25% of people in the world think in words.
And this is possible because we have a language.
So if this is the case…
Do dogs also think in barks?
And can they have inner monologues too?
Continue reading to find out:
- If canines think like humans.
- Whether dogs think in barks or not.
- The truth behind the theory where dogs have actual thoughts.
- 5 scientifically-proven facts you need to know about how dogs think.
- And a lot more…
Table of contents
- Do dogs think in barks?
- 5 Things you need to know about how dogs think
- Do dogs have actual thoughts?
- Do dogs think like humans?
Do dogs think in barks?
Dogs don’t think in barks. They may either have thoughts in images, concepts, or smells. And the latter is more likely since they use their noses to identify something (e.g., people, places). Only then can the thoughts be followed by bark or a specific action. And this will depend on the scenario.
5 Things you need to know about how dogs think
#1: Dogs are food-motivated
If I ask what a dog thinks about all day…
Most would say that it’s probably food.
And if you’re one of those people…
Well, you’re not completely wrong.
It’s a well-known fact that our furry friends love food. And they especially go loco over treats.
Now, this is pretty obvious. So, it doesn’t require any evidence.
But, I found an interesting study for you:
A team of neuroscientists studied fMRIs of military dogs.
“What’s an fMRI?”
It’s short for ‘functional magnetic resonance imaging.’ And it’s used to detect changes in blood oxygen in the brain.
To do this, the canines must be awake during the process. So, they were trained to sit still using a reward system (e.g., treats).
The experimenters taught 2 hand signals to the dogs.
- Left hand pointing down – means they’ll get a hotdog as a treat.
- Both hands pointing at each other – means they won’t receive anything.
“What happened next?”
When the dogs saw the 1st signal (which means “treat”), their caudate region had an activity. It’s the area of the brain linked to rewards.
Then, when the experimenter did the 2nd signal (which means “no treat”)…
There wasn’t any activity detected in that area.
So, it only means that dogs indeed think about food. And they consider it before doing something like commands.
#2: Dogs also enjoy praises and bonding time
“You and food are the best combinations in the world, hooman.”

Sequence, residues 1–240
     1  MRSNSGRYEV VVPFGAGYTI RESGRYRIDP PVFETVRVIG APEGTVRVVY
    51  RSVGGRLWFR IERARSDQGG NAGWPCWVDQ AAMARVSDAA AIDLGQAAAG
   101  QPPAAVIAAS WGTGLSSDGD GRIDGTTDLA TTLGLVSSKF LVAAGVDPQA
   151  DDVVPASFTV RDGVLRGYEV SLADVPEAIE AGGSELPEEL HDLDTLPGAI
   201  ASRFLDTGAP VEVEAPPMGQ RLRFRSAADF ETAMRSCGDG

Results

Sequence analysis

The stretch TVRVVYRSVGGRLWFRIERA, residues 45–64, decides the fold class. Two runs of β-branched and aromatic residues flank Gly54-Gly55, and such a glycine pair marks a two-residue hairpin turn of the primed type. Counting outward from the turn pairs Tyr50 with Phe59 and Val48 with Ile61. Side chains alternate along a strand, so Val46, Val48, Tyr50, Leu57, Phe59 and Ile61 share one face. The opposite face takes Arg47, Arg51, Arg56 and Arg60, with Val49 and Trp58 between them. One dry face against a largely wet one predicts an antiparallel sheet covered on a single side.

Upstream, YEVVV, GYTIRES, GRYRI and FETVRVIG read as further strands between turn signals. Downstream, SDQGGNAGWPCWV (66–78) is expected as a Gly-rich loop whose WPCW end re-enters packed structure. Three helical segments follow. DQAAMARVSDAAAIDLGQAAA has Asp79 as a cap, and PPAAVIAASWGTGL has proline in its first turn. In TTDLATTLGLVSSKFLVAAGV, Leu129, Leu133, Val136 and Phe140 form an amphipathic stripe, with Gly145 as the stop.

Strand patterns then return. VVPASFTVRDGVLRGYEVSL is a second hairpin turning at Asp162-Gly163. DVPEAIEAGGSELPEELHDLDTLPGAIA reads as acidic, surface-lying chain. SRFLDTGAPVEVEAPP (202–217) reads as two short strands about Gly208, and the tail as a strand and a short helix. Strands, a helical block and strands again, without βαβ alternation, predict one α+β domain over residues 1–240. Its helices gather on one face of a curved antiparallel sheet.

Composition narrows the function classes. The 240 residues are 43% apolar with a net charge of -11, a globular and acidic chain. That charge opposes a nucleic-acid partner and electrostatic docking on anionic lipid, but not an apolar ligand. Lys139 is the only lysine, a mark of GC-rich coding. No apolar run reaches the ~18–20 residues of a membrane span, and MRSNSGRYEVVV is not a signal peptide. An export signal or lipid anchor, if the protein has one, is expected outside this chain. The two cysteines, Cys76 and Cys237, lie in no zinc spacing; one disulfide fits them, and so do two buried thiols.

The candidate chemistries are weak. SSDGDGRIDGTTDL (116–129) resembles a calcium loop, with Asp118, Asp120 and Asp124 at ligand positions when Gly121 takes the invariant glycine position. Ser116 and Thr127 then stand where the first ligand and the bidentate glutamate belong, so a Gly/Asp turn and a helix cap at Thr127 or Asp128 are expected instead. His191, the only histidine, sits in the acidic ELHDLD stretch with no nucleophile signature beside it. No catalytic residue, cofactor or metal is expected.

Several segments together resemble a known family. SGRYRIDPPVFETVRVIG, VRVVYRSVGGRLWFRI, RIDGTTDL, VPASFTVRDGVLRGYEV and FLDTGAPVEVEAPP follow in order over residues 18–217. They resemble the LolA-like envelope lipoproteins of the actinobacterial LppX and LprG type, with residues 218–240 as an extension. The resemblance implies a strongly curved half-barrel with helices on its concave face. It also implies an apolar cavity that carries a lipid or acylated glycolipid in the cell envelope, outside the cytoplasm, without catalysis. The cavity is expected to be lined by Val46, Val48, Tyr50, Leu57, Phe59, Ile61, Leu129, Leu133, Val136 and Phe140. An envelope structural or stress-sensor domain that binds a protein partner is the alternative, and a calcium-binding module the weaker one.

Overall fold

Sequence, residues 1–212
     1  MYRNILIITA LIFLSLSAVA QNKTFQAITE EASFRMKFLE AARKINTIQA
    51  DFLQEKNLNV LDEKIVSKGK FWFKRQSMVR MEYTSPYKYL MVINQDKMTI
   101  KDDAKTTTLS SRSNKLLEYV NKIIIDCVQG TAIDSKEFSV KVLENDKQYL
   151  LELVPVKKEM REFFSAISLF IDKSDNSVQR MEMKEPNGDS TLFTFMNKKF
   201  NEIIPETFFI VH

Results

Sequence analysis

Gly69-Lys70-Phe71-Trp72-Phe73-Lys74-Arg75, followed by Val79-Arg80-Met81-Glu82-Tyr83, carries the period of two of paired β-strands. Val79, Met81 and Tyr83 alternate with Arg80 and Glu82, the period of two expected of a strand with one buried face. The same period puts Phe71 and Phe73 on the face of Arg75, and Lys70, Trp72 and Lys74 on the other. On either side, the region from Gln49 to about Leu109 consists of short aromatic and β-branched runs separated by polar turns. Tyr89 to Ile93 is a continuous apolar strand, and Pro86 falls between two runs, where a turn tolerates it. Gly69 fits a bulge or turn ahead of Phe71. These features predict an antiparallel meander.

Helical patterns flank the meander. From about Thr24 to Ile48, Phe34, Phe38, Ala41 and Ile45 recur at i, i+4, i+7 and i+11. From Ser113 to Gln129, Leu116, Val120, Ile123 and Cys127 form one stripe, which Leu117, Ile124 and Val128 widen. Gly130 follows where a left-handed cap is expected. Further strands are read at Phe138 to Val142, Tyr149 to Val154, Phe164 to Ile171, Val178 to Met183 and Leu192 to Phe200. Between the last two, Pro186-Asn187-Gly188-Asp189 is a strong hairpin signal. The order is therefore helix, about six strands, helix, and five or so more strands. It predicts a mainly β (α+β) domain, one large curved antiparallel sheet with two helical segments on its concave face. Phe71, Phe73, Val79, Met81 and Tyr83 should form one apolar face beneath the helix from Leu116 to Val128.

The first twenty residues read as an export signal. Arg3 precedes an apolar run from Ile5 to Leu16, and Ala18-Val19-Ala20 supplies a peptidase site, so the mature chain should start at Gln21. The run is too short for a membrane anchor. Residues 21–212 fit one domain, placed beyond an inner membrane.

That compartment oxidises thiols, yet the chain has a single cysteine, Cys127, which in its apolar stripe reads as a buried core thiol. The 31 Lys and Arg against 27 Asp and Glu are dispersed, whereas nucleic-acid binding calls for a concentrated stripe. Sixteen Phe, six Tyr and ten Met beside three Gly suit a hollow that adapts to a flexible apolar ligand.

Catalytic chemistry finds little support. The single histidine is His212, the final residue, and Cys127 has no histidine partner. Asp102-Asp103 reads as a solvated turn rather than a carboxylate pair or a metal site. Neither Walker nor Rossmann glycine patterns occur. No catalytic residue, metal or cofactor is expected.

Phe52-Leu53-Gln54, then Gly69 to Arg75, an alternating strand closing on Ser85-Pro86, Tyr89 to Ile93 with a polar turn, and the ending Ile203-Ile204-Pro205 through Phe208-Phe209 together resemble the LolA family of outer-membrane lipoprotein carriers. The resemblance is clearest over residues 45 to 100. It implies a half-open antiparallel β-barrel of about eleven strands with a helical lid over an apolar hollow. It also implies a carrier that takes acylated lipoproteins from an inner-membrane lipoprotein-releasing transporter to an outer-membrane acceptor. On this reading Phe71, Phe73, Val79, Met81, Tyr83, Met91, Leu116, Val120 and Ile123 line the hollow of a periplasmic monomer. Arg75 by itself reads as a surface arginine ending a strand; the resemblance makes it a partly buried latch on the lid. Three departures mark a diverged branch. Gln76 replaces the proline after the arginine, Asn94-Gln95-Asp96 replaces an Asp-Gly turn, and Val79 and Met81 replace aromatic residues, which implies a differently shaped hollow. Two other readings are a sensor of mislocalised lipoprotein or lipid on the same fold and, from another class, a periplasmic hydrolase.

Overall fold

Yup, Fidos think about food most of the time…
But, the research above also says it’s not always the case.
According to it, 20% of dogs responded more to praises than food.
Also, the canines in the study were shown pictures of humans and other Fidos.
And the findings?
The reward region of the dogs’ brains acted differently when they saw a familiar human or Fido.
And this means that dogs had a positive reaction to them.
Do you ever wonder why dogs enjoy training?
Well, they don’t do it only for treats.
But also for the bond.
Yup, dogs love spending time with their beloved humans.
Not convinced yet?
Trivia: A study shows that the oxytocin level of a dog (a.k.a. ‘love hormone’) increases after interacting with their parent. And vice versa.
How? This happens as they gaze at each other or have physical contact.
So, cheer up.
I know you love your dog so much.
But your pooch also loves you. And it isn’t solely for your yummy treats.
#3: Dogs relate things
You might have had many incidents where your pooch fully understood what you said.
Your dog seemed to understand what you were doing.
Well, you’re not being delusional.
Dogs do understand human words and even our actions.
Dogs’ mental abilities are close to those of a 2 or 2.5-year-old kid. And this is what Dr. Coren said – a psychologist and dog researcher.
According to him, an average Fido can learn 165 words. And those who are called ‘super dogs‘ can remember 250 words.
Okay. The latter might sound surprising.
But check out this study about Rico. He’s a Border Collie who can tell 200 different objects apart.
And Rico can leave you wondering…
“How do dogs remember things?”
Canines don’t think in barks.
They do it by relating things.
“What do you mean?”